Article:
Steinbrenner claims Tampa fans will support the Rays because they support the Yankees in the Spring and they support the Tampa Yankees. Of course, he would put his teams first, but Topkin should have prioritized this list. He should have asked Steinbrenner if he felt the Yankees were cannibalizing the Rays local potential. The answer question that question is "YES".

In no way should Major League Baseball be second fiddle to Spring Training and Minor League Baseball.

They’ve supported the Bucs, they’ve supported us, they’ve supported the Lightning. I would think they would support the Rays. - Hal Steinbrenner

The presence of the Yankees reduces incentive for people to become Rays fans. The Rays already struggle in a state where approximately 30% of residents are from New York. As I mentioned in my demographics post last year, there are over 1 million non-NY born Yankees fans in Florida.

But Topkin is accepting of this. He must also accept the fact that17% of Hillsborough County are Yankees fans. This number will not drop as long as stories about the Yankees in one of the region's biggest newspapers don't ask the right questions.

I'm not saying Topkin should not mention the good deeds the Yankees are doing - charity is a great thing and is always welcome - but what about asking Steinbrenner about MLB-MiLB Territorial Rule 52?

For a reminder on Rule 52, here a bit from a letter to fans from the owner of the San Jose Giants.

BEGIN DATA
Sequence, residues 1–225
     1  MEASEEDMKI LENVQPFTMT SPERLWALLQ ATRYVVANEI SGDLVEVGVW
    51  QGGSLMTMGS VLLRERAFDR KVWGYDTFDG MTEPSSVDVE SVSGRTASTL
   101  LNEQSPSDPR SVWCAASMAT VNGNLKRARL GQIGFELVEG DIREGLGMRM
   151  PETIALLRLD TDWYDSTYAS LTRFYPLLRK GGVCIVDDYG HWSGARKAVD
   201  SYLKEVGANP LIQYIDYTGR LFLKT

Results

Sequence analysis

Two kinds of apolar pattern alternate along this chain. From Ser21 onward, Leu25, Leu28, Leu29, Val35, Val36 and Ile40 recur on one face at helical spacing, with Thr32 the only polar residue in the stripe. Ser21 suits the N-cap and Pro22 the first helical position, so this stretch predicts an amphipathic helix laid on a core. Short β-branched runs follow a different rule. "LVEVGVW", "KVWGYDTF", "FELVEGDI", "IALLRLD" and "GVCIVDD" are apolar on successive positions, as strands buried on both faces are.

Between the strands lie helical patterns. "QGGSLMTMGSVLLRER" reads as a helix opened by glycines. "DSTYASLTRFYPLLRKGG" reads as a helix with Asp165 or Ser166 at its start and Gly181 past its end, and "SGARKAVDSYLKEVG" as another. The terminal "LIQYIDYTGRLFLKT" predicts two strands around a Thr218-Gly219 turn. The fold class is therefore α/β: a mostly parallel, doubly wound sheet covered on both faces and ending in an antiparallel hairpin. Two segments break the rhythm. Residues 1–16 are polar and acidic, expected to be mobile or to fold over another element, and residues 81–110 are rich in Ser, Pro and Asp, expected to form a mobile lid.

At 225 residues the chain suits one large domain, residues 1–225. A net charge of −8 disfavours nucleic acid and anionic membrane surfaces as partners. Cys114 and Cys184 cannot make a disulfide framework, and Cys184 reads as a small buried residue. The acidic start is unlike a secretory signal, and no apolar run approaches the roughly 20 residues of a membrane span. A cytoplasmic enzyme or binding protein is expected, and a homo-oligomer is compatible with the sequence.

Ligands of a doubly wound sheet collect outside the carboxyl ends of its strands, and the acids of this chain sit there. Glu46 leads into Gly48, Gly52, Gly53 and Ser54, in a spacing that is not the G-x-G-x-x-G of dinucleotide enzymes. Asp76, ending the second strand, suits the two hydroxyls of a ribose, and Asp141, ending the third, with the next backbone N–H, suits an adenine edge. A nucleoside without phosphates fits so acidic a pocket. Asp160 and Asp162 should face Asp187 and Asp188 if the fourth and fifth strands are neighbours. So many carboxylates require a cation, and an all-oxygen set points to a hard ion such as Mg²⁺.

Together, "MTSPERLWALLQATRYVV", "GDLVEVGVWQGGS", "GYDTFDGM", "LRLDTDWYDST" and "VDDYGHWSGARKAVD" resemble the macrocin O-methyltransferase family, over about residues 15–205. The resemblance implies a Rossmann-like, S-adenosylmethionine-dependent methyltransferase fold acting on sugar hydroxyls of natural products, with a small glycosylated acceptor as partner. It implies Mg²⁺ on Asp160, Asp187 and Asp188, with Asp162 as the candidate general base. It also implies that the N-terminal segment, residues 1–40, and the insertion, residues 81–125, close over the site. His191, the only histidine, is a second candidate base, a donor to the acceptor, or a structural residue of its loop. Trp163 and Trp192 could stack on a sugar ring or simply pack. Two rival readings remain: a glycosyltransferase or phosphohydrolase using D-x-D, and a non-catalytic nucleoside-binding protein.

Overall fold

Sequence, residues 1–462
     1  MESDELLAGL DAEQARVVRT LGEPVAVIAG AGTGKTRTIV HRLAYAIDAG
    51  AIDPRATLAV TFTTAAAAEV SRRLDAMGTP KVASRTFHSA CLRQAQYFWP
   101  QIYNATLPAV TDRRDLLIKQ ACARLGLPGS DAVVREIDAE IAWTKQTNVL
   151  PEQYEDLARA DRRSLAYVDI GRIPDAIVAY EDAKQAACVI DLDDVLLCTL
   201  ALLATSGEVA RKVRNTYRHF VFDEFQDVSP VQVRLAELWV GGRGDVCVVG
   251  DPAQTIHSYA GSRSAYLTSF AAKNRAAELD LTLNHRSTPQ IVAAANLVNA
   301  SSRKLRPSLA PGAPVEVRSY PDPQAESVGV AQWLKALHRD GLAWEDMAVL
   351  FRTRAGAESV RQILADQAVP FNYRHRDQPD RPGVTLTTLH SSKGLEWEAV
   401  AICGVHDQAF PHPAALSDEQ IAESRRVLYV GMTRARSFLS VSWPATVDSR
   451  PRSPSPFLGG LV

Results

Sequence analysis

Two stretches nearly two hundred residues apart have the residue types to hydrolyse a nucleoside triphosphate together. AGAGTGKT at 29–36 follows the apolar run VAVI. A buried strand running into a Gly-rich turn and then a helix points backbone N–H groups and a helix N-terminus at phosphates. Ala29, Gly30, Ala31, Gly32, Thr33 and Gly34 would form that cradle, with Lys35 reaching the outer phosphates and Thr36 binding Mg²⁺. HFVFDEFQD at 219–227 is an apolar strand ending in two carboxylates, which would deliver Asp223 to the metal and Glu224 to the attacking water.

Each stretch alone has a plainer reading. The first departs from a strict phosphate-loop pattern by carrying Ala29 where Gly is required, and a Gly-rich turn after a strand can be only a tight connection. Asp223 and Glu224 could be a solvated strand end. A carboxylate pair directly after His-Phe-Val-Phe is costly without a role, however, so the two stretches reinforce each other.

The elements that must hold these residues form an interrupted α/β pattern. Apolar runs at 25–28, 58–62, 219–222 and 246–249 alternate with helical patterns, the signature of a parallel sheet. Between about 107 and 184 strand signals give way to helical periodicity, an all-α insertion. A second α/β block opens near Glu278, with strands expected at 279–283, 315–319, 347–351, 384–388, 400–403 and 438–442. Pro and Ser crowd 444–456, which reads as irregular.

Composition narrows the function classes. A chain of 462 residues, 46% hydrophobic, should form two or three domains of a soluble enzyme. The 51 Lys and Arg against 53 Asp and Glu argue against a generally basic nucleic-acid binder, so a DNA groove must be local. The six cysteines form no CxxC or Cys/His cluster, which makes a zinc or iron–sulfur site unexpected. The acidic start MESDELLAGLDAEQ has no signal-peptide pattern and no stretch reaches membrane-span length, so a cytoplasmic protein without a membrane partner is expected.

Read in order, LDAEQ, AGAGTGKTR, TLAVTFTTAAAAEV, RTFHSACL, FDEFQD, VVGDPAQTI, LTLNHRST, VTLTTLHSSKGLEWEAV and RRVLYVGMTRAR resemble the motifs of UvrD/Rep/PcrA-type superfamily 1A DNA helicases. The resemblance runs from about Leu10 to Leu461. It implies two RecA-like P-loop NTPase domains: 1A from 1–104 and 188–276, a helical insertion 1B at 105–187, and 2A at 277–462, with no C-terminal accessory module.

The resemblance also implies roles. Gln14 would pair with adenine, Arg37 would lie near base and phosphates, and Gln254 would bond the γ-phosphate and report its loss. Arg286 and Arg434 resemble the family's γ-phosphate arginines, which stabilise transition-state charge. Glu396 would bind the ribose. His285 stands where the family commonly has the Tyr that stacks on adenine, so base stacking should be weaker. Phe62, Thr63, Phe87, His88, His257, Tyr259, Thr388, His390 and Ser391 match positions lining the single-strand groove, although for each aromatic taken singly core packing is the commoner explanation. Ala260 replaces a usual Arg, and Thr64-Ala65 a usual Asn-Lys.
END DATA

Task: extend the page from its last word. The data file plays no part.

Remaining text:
In essence, pursuant to Rule 52, a Major League team wishing to relocate within a 15 mile radius of an existing Minor League club must acquire those rights through a formal notification to the team, (and the applicable Minor League) of their intent to "draft" the territory.

The Major League Club must compensate the Minor League Club for the value of that territory based on a formula. The Major League Club, at their option, can require the Minor League team to relocate or can consent to allow that team to continue operations under present conditions. The amount of compensation due the Minor League Club, (and the league) is impacted significantly by the decision to relocate or to stay but under either option the Major League Club must still compensate all parties in drafting the territory.

Recent examples of these transactions include Miami, Denver and Phoenix. In these cases, the Minor League teams were forced to relocate away from their historic homes. Economics factored heavily in the decision. And these economics represent the second major issue that must be considered regarding staying or relocating the team.

The Miami relocation mentioned was the Orioles and the Yankees moving from the Marlins market in 1992 to other locations in Florida. The Yankees ended up in Tampa.

If the Rays want to move to Tampa, how much would the Yankees charge the Rays? That is what Topkin should have asked. Will the Yankees be a barrier to a Rays move to Tampa (given of course, the Rays get past local politics)?

And have the Yankees looked at sites for possible relocation if the Rays do require them to move? There have been rumors of the Tampa Yankees moving to Ocala or Orlando. Although neither happened, would Yankees operations move there?

The Yankees have no incentive to give up Tampa. The Rays have to know that. If it will be difficult to find a "moving fee" enough for the City of St Pete, the Rays then have to negotiate and pay off a team that does not have the Rays' best interest in mind.

Good luck with that.

There is no way to make an apt comparison between the presence of the Yankees in the Rays market. Perhaps the only comparison would be if Stu Sternberg moved Rays headquarters to Miami and moved Rays spring training to Fort Lauderdale in an effort to sway more of the Florida fanbase for the Rays.

There is no way Major League Baseball would approve that.

Instead of asking the hard questions, Topkin asked what Derek Jeter is doing these days.


For more on the viability of the Tampa Bay Baseball Market, please visit Lortz's site.